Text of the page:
The ME area is underlain by welded tuff, agglomerate lithic tuff, flows, and breccias of the Upper Triassic Stuhini Group which are intruded by a LateTriassic to Early Jurassic quartz monzonitic stock of the Copper Mountain Plutonic Suite. A package Stuhini sedimentary rocks is also mapped in the area. A northwest trending fault separates the Stuhini stratigraphy from Lower to Middle Jurassic basalts and sedimentary rocks of the Salmon River Formation (Hazelton Group), within a few kilometres to the east.
Prominent gossanous alteration zones occur throughout the area within the volcanics. Abundant pyrite is found in these zones as disseminations or as veinlets associated with epidote, chlorite, or pyrrhotite. Locally intense sericitization with some K-feldspar alteration occurs, often in areas of quartz veining. Copper mineralization occurs in a few places as disseminations but is primarily found with galena and sphalerite in carbonate veins. Small amounts of chalcopyrite with pyrrhotite and pyrite are found in silicified zones identified in drill core. Minor amounts of molybdenite were noted in quartz veins.
One 3 metre section of drill core contained up to 0.18 per cent copper while another 3 metre section contained up to 11.66 grams per tonne silver. The highest gold value was 0.69 gram per tonne over a 0.5 metre length (Assessment Report 8546).
The ME zone lies directly across Ball Creek from the Mary porphyry and appears to be part of the same mineralizing system associated with porphyritic monzonite intrusive rocks. The rocks form a prominent gossan on steep slopes along the south side of Ball Creek with a prominent northeast trend. Three distinct alteration types are present. An early episode of brown hornfels affects a now highly altered intrusive phase. This rock is commonly altered to quartz sericite pyrite throughout the gossanous area. Volcanic and intrusive rocks along the south side of the zone are altered to chlorite pyrite with variable amounts of calcite. The phyllic alteration hosts two types of mineralized veins. Pyrite chalcopyrite rich (40 to 70 per cent sulphide) veins to 10 centimetres wide and quartz calcite iron carbonate veins with galena chalcopyrite and pyrite occur as sheeted veins in zones up to 1 metre wide. These veins strike northeast and dip to the northwest. Strong quartz stockwork with chalcopyrite in hard (potassium feldspar flooded?) porphyry occur in one area, while quartz molybdenite veins are present in several areas of stronger phyllic alteration.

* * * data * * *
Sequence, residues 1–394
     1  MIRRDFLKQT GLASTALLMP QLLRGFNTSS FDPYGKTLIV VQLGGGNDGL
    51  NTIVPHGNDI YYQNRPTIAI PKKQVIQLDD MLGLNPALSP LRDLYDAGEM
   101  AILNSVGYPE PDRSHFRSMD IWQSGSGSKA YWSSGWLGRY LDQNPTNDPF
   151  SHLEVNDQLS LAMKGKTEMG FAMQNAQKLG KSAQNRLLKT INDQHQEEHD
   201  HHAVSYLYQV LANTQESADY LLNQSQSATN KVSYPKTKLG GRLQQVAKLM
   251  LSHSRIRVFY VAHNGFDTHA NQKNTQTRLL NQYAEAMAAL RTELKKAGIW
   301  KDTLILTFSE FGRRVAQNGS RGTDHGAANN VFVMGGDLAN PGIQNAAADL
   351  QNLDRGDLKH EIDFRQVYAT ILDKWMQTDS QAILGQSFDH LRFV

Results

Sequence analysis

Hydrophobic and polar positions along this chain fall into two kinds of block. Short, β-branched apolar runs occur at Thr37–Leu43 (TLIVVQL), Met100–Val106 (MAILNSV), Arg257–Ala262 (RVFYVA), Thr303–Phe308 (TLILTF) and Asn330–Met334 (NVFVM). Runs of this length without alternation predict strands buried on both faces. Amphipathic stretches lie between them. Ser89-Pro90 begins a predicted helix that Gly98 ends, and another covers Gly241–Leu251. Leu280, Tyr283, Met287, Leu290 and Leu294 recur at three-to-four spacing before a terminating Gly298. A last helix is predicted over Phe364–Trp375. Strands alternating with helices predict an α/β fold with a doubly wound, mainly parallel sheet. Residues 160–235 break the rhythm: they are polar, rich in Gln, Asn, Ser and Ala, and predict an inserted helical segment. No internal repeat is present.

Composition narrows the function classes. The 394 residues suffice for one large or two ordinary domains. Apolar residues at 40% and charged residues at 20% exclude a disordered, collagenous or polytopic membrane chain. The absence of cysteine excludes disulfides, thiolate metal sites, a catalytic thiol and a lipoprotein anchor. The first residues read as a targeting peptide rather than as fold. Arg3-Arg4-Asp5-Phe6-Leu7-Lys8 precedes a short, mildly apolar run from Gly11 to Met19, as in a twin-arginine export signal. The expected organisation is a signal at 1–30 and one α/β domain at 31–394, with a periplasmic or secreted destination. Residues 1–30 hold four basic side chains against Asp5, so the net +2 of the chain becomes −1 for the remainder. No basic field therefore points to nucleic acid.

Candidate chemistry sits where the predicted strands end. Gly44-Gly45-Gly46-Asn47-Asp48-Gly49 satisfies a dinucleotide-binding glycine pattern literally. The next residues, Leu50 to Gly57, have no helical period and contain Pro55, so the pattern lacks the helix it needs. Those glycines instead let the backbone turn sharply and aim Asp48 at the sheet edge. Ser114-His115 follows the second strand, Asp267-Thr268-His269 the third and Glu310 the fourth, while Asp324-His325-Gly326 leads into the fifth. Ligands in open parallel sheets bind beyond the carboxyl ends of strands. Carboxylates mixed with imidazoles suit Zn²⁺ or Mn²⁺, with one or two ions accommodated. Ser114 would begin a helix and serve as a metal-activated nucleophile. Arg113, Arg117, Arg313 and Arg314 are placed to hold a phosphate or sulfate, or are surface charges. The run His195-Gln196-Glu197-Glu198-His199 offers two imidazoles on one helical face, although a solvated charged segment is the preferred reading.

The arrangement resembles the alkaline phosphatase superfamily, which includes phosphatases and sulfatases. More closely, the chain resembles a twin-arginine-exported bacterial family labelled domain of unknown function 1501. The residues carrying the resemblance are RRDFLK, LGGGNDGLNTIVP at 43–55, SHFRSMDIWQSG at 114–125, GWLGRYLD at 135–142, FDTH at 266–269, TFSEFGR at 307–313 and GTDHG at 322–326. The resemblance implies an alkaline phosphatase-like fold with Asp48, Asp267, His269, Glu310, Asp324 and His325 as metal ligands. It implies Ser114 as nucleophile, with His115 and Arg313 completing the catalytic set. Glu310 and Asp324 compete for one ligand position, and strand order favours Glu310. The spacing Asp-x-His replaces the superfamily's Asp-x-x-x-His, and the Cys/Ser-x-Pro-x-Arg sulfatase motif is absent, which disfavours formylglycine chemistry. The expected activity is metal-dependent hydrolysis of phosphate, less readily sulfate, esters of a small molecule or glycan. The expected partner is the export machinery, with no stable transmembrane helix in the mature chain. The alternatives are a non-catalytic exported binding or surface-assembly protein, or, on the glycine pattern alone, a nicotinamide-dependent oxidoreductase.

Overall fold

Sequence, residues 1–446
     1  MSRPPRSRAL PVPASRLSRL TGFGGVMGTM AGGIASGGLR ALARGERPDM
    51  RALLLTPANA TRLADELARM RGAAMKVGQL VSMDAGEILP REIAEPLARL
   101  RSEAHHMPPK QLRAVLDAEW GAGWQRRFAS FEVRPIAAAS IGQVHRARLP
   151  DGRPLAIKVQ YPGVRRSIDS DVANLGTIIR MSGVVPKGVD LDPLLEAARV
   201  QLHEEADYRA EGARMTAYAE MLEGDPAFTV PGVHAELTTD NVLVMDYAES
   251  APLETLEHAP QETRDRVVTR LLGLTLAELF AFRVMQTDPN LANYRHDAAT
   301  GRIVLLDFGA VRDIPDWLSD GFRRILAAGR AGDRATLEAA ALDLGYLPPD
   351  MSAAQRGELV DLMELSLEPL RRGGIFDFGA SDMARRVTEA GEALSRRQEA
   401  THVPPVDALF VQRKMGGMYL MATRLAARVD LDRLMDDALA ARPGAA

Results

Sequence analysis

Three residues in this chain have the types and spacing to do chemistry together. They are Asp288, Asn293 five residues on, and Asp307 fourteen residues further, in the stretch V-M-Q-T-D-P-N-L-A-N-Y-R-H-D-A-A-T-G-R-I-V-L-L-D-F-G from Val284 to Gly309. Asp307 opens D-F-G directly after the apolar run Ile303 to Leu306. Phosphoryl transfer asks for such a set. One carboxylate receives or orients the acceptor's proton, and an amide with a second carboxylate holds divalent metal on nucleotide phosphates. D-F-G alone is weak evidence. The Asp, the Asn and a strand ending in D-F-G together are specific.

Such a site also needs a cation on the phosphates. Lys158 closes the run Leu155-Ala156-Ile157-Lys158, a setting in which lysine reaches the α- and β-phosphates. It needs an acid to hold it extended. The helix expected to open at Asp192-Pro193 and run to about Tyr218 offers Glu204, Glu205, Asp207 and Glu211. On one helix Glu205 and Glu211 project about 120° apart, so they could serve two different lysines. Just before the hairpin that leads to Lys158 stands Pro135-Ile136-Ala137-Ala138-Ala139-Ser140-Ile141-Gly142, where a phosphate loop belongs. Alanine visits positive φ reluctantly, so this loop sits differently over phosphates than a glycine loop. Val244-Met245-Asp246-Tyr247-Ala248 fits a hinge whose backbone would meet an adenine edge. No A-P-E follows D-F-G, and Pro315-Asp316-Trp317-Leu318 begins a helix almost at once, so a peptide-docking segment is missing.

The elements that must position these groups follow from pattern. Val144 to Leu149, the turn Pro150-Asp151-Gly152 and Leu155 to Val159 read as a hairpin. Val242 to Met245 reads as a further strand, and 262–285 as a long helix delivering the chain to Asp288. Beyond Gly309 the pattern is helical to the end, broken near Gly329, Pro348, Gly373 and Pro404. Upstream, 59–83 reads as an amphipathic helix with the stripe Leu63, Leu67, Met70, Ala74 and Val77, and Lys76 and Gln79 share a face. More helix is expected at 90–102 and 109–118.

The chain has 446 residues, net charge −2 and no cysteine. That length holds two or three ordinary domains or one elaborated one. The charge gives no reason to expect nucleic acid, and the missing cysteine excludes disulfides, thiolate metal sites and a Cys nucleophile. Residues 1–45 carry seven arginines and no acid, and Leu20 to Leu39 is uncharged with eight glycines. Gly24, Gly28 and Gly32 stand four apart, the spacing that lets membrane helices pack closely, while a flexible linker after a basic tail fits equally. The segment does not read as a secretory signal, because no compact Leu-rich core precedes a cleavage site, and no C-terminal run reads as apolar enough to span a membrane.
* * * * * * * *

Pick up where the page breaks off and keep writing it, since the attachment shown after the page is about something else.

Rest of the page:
The ME zone is thought originally part of the same zone as the Cliff zone and has been separated from it by post mineral faulting along Ball Creek.
In 2019, a very high tenor geochemical soil anomaly was identified below treeline at the ME Zone, which has limited exposure. The new anomaly is highlighted by 11 soils with greater than 0.5 grams per tonne gold up to 3.2 grams per tonne gold, 28 soils with greater than 5 grams per tonne silver up to 36.5 grams per tonne silver, 42 samples with greater than 500 parts per million copper up to 2,900 parts per million copper and 50 samples greater than 50 parts per million molybdenum up to 760 parts per million molybdenum (Golden Ridge Resources Ltd., Press Release December 18, 2019). Analysis of the results by Golden Ridge were reported to indicate both epithermal and porphyry style geochemical signatures.
Golden Ridge Resources Ltd. completed a property wide reconnaissance program on their Ball Creek project during the 2019 field season which included the collection of over 4500 soil samples and 60 rock samples.
See Ball Creek Porphyry (104G 018) for details of a common work history.